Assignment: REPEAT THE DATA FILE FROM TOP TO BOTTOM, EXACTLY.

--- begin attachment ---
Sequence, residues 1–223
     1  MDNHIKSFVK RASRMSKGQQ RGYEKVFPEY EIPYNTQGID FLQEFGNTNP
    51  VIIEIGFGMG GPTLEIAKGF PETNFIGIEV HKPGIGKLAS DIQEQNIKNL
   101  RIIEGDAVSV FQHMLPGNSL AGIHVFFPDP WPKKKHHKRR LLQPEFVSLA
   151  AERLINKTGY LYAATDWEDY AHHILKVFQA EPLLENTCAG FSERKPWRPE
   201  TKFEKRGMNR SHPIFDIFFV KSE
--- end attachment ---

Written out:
Sequence, residues 1–223
     1  MDNHIKSFVK RASRMSKGQQ RGYEKVFPEY EIPYNTQGID FLQEFGNTNP
    51  VIIEIGFGMG GPTLEIAKGF PETNFIGIEV HKPGIGKLAS DIQEQNIKNL
   101  RIIEGDAVSV FQHMLPGNSL AGIHVFFPDP WPKKKHHKRR LLQPEFVSLA
   151  AERLINKTGY LYAATDWEDY AHHILKVFQA EPLLENTCAG FSERKPWRPE
   201  TKFEKRGMNR SHPIFDIFFV KSE